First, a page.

Los Angeles is one of the first cities in the nation to share its cyber threat data with the public. This is an important step forward because too frequently companies and organizations that have been hacked don't release the information for fear of brand and reputational damage. By providing timely notifications regarding specific threats, the Mayor's office might give local companies the crucial few hours they need to run that virus check and install the latest security updates.
Terror Attacks: Complex Coordinated Attacks
FEMA defines a complex coordinated terror attack (CCTA) as an act of terrorism that involves synchronized and independent team(s) at multiple locations, initiated with little or no warning, and employing one or more weapon systems: firearms, explosives, fire as a weapon, and other nontraditional attack methodologies that are intended to result in large numbers of casualties. The attacks in Mumbai in 2008 and in Paris in 2015 are recent examples.
The coordinated attacks in Paris on November 13 left 130 people dead and hundreds wounded. The attackers targeted a soccer stadium, bars and restaurants and a concert hall -- all venues they knew would be crowded on a Friday evening. Simultaneous attacks with multiple crime scenes require a nimble response from a security force trained in crisis and counter-terrorism strategies. LAPD pioneered a tactical program known as MACTAC, Multiple Assault Counter-Terrorism Action Capabilities. MACTAC trains officers to spontaneously and effectively control various threats as quickly as possible and fosters prompt, cooperative training and response among multiple agencies.
In January/February 2020, the City will conduct what is known in the industry as a Functional Exercise, in which they will simulate a complex coordinated terrorist attack on the City and test our ability to respond. These exercises work to ensure that the various agencies involved, including fire, police, emergency management, public health and transportation, know how to work together. These exercises also test the City's ability to communicate with the public as events unfold. Without official, timely updates the news and social media will fill the gap, often with inaccurate or misleading information which only further aggravates the chaos.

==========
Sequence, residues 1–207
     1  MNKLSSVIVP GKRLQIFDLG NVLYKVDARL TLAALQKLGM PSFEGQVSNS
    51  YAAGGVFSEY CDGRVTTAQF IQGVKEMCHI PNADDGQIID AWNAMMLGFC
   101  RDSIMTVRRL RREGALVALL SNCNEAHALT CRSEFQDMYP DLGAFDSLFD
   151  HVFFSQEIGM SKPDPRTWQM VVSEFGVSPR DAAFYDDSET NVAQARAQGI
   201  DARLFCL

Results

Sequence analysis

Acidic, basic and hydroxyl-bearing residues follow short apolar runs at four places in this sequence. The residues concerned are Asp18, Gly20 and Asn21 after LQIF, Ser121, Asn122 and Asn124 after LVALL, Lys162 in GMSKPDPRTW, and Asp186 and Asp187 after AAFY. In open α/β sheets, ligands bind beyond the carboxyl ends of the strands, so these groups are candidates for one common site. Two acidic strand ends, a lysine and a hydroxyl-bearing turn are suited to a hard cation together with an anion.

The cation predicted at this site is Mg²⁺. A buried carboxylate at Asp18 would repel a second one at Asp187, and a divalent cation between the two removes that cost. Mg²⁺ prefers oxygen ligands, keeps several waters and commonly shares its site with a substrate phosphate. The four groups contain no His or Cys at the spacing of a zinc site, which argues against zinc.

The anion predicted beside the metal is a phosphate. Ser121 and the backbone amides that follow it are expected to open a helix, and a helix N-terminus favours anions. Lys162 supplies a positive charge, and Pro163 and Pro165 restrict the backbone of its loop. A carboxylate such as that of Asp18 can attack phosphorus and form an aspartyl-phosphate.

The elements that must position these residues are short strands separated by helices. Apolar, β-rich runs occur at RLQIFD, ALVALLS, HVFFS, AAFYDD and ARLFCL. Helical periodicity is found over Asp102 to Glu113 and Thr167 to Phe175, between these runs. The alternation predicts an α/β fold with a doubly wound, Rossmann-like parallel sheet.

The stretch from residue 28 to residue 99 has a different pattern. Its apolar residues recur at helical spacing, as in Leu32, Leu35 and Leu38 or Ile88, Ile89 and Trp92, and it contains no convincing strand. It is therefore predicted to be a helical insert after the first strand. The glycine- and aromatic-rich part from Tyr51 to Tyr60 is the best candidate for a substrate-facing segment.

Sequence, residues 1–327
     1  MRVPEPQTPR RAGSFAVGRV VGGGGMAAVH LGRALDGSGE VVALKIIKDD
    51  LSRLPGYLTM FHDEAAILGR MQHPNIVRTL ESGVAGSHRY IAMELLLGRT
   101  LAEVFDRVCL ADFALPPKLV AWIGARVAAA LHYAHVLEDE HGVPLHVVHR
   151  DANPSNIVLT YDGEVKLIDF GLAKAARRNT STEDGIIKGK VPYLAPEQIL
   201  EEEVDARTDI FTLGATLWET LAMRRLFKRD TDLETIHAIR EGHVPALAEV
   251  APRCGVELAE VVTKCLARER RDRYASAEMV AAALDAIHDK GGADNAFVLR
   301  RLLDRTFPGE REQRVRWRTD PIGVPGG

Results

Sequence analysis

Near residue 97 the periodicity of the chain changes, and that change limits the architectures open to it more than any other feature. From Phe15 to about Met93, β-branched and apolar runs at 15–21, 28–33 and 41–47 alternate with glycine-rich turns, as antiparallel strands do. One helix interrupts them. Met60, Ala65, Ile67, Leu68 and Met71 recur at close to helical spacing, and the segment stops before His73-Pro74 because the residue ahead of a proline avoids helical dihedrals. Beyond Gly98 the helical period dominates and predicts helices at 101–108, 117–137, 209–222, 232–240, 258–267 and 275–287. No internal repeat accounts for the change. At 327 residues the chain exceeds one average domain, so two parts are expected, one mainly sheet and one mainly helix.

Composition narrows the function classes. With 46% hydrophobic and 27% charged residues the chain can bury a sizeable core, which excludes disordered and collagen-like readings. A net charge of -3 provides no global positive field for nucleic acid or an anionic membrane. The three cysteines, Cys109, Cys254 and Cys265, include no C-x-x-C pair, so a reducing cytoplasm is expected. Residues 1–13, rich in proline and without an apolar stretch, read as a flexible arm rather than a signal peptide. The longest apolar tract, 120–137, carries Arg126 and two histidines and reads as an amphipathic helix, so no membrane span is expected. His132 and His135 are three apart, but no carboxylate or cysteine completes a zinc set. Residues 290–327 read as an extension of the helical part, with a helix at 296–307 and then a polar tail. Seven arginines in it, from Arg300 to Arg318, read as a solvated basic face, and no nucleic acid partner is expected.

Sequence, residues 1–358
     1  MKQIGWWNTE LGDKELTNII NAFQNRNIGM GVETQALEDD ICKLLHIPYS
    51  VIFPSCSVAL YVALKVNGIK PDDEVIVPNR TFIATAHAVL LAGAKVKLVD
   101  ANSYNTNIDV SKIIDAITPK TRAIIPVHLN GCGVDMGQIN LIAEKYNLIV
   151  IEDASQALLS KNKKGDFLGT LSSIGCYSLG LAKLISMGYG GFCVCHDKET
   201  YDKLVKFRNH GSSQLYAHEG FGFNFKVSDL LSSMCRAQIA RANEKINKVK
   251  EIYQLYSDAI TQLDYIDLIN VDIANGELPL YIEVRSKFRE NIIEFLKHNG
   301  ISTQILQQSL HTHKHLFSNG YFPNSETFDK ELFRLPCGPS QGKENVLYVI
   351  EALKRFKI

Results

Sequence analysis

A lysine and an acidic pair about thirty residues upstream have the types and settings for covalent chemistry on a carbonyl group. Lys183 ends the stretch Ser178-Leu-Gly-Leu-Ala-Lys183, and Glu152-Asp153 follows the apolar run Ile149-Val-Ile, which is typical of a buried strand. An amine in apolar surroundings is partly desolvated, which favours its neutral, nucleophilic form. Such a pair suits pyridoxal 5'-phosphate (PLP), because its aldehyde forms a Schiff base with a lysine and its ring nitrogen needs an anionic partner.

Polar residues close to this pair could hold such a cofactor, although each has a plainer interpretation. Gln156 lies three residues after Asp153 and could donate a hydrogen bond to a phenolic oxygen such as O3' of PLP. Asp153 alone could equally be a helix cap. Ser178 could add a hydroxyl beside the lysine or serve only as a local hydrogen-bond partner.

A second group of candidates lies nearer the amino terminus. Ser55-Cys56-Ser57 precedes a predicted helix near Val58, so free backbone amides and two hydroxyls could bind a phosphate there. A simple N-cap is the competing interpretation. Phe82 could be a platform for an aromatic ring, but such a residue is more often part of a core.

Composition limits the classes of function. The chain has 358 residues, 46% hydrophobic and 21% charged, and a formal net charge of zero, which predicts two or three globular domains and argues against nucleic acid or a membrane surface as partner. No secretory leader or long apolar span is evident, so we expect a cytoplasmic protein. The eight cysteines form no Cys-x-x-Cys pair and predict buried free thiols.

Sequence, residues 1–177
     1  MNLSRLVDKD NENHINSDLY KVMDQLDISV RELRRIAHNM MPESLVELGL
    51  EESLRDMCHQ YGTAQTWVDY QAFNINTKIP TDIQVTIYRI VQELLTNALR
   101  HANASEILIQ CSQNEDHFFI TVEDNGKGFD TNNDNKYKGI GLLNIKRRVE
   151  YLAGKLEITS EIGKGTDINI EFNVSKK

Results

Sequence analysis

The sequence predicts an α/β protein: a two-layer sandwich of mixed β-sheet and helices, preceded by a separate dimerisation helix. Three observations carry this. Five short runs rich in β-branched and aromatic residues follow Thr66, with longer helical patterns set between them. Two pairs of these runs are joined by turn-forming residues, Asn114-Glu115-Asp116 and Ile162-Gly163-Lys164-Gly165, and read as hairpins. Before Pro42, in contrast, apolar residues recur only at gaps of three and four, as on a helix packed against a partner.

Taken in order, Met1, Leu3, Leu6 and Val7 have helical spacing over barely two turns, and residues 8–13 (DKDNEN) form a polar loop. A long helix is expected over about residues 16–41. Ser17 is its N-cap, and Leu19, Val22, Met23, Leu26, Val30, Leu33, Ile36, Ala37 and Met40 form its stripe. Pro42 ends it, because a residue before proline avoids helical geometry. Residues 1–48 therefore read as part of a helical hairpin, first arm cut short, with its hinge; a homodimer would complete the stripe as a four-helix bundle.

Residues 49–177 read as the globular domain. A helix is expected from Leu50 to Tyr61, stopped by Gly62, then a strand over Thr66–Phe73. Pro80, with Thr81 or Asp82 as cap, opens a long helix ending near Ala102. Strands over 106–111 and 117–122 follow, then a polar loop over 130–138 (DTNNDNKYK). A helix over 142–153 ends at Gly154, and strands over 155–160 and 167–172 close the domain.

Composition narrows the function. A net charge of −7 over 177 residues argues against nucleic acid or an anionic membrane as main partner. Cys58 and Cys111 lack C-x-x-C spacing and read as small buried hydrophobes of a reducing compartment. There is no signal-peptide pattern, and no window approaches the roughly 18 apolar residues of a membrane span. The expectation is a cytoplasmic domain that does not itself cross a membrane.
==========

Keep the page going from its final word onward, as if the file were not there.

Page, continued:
These exercises are incredibly complex to stage and expensive in terms of dedicated labor hours. Are they worth it? Absolutely. As we often hear in the field, "You don't rise to the occasion; you fall to your level of preparedness.”
Following the bombing at the Boston Marathon, the Harvard Kennedy School released a report sharing lessons learned and analyzing why the response in Boston had been so effective. Their primary finding was that the Boston region had trained and prepared for exactly such an event and they credited the multi-dimensional preparedness of the region. "Response organizations have undertaken detailed and careful planning for the many fixed events like the Marathon that are staged annually in the Boston area. They have seen to the development of both institutional and personal relationships among response organizations and their senior commanders, ensured the adoption of formal coordination practices, regularly held intra- and cross-organization drills and exercises, and generated experience during actual events."
As the City does its best to prepare for these nightmare scenarios let's do our part as Angelenos. The final recommendation from the Harvard Kennedy School report concluded: "Community resilience should be systematically developed and celebrated. In the face of the bombing, Boston showed strength, resilience, even defiance – and these were key drivers of the overall outcomes … that is, of ‘Boston Strong’.” We don't need a nightmare to be Los Angeles Strong.